Herzallah says his family was enormously influential in instilling his scientific curiosity and work ethic. His father is a biochemist who obtained a master’s degree in the United Kingdom and a Ph.D. in Germany; he is now a lecturer at An-Najah National University in Nablus. His aunt, a linguist who did her Ph.D. at Cornell University, recalls that Mohammad was a precocious kid who would read English books in her home library. As a fifth-grader, he studied German as well, which later helped him read Albert Einstein’s original papers. Physics entranced him, but his father convinced him that the field had a dark future in the West Bank. So he chose medicine.
Herzallah still comes across as older than his age. That helps him run a tight ship at PNI, where most staff and students are just a few years his junior. At a lab meeting, he smiles rarely, and sternly reminds students of obligations. “He knows how to be strict and firm, but also when to be more like a brother and a friend,” Mousa says. But Mohamad Taha, a PNI alumnus who’s now a postdoc at Harvard University, says Herzallah can be a bit overbearing. “He’s a very good leader and he keeps people on track, but sometimes they need a little space,” Taha says.
Herzallah mostly wields his influence in the West Bank from across the Atlantic. He spends a few months a year at Al-Quds and the rest of the time at Rutgers, where he teaches, holds lab meetings, mentors students, and discusses papers over Skype and email. He’s now a postdoc in Denis Paré’s lab at Rutgers, where he’s studying the role of the amygdala in rat behavior.
“He really has two parallel jobs,” Gluck says. To keep it up, Herzallah says he starts at 4 a.m. every day and works 7 days a week—a pace that he says has caused friction with his wife, Joman Natsheh, who’s doing a Ph.D. in neuroscience at Rutgers. She is involed in PNI and also set up the Palestinian Women Mental Health Initiative, which aims to train female doctors, support research, and reduce the stigma associated with mental health disorders.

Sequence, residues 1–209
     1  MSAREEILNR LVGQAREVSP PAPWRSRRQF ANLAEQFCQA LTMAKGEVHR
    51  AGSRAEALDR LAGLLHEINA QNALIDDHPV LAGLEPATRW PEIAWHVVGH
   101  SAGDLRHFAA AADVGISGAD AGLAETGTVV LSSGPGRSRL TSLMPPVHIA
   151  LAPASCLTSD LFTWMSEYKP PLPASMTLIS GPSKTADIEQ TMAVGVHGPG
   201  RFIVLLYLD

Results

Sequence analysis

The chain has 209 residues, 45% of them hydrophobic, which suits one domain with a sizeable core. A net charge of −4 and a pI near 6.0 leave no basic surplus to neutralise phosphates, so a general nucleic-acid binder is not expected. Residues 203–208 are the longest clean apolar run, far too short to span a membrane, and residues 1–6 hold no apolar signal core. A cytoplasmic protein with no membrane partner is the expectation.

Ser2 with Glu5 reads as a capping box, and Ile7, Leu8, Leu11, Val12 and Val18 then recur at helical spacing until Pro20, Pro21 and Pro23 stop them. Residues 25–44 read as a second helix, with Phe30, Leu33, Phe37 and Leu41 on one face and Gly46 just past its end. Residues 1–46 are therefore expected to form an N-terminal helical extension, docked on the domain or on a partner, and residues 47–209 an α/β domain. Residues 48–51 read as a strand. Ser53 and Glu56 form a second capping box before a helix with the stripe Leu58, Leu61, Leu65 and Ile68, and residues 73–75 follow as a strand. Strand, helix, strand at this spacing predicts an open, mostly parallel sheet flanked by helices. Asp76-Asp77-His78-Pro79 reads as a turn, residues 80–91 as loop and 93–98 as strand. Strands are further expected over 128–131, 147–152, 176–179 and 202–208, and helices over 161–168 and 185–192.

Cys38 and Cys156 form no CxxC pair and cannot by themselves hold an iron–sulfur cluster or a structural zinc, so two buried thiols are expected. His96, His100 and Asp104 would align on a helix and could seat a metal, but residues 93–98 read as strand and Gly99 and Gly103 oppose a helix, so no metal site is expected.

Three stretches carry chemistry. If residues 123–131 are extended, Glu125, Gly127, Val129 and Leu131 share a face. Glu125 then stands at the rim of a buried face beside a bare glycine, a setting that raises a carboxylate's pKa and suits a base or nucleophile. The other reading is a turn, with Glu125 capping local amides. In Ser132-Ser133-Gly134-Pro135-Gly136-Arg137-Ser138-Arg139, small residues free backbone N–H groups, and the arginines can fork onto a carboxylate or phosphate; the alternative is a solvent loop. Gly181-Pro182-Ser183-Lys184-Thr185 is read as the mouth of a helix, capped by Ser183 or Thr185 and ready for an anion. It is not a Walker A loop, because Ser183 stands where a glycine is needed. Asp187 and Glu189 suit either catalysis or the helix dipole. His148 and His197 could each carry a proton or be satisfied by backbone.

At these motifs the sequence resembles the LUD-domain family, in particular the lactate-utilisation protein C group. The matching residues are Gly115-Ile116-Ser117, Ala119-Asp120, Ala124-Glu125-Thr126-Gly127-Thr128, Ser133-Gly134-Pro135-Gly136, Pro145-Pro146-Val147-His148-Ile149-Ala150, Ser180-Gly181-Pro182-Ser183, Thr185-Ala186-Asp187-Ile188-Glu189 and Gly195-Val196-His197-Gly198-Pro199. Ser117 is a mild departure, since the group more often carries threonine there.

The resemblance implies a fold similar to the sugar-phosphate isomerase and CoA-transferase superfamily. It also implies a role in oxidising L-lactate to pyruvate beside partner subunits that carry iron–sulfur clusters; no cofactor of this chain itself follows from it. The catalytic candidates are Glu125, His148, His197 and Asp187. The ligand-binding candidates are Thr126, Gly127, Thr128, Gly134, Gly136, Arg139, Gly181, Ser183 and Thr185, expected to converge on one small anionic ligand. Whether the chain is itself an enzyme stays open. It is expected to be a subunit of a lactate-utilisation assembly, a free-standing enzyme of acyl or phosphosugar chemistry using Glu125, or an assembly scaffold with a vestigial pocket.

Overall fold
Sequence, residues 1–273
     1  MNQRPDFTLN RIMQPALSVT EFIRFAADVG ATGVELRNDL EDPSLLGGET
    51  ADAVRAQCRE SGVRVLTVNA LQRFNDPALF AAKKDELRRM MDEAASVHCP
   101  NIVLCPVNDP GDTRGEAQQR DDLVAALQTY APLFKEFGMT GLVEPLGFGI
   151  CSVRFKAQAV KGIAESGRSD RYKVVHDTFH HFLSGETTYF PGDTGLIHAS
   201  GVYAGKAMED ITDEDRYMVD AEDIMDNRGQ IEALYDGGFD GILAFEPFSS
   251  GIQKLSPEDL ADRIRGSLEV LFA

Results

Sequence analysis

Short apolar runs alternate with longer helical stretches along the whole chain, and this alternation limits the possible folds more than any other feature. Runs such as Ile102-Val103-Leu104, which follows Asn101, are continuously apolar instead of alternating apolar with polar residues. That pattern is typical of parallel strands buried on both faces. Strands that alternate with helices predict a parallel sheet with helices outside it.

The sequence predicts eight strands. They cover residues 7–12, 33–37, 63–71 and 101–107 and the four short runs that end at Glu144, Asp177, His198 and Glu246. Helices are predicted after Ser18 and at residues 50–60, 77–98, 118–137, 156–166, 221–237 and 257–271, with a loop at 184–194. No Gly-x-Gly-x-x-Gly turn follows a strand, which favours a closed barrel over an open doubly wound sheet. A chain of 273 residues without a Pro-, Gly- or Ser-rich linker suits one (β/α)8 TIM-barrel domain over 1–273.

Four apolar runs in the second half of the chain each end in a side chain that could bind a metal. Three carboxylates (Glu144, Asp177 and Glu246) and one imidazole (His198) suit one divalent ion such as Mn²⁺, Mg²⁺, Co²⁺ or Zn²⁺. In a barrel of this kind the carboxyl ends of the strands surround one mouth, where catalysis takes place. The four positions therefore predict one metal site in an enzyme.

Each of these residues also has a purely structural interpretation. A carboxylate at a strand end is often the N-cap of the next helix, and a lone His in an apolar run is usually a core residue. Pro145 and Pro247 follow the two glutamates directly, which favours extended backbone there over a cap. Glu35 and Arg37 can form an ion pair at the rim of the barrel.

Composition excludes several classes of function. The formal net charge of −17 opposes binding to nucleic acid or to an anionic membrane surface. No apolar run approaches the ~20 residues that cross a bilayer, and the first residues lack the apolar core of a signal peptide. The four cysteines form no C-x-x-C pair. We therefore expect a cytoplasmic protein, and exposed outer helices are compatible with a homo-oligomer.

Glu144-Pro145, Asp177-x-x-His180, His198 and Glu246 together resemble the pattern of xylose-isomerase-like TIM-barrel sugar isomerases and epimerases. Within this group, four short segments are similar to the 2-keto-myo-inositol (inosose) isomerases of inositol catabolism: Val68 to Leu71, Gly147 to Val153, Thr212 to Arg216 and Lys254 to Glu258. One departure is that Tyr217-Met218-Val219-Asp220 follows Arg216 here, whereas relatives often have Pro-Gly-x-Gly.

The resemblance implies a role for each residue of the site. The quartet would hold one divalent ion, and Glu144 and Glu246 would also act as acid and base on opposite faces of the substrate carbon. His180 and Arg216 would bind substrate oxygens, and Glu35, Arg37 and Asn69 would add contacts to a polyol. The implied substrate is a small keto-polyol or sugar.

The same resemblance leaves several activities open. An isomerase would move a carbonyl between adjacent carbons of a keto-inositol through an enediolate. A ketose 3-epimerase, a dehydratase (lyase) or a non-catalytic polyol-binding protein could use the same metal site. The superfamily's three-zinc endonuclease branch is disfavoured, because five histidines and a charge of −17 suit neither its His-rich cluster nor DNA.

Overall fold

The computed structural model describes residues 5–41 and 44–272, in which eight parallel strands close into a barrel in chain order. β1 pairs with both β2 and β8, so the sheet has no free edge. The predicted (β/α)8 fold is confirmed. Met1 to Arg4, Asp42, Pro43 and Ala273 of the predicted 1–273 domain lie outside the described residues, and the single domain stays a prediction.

Although 18 people are affiliated with PNI one way or another, only three are fulltime; most are medical students learning how to do research. Such opportunities are rare in the West Bank, which helps explain why roughly 50 of the 70 students who enter the medical faculty annually apply to PNI, says Herzallah, who only accepts a few.
Finances are still tight. Herzallah says he has raised some $150,000 from sponsors in the Arab world, including several Palestinian business executives in Jordan. But now that the NIH grant has run out, it’s not enough to sustain the initiative long term, especially with PNI branching out into other neuroscience areas.
Other forms of support have been plentiful. Herzallah has set up student exchanges with scientists at Rutgers, Harvard, and the Swiss Federal Institute of Technology in Lausanne. And Edvard Moser invited Herzallah and four students to a Nordic Neuroscience meeting in Trondheim in 2015. “Palestine is now a Nordic country,” quips Herzallah, who hopes one of his students will find a training opportunity in Moser’s lab.
Few are willing to discuss any political dimension to their support. “I’ll be blunt and say that I’m not going to talk about politics and religion,” Gluck says. “I’m not going to analyze the Middle East conflict in Science magazine,” Moser says.
PNI has no links with Israel and its vibrant neuroscience scene. Few Palestinian scientists do. After the Oslo Accords in the 1990s, when a peaceful solution seemed in sight, ties between Israeli and Palestinian academics flourished. But as violence on both sides flared, virtually all partnerships disintegrated. Al-Quds’s policy since 2009 has been to not collaborate with Israel, says the university’s president, Imad Abu-Kishk. Any collaboration could lead to political problems—or worse, others say. “You would immediately be labeled a traitor,” Treves says. “Your life would be in danger.”
Source: Peace of mind | Science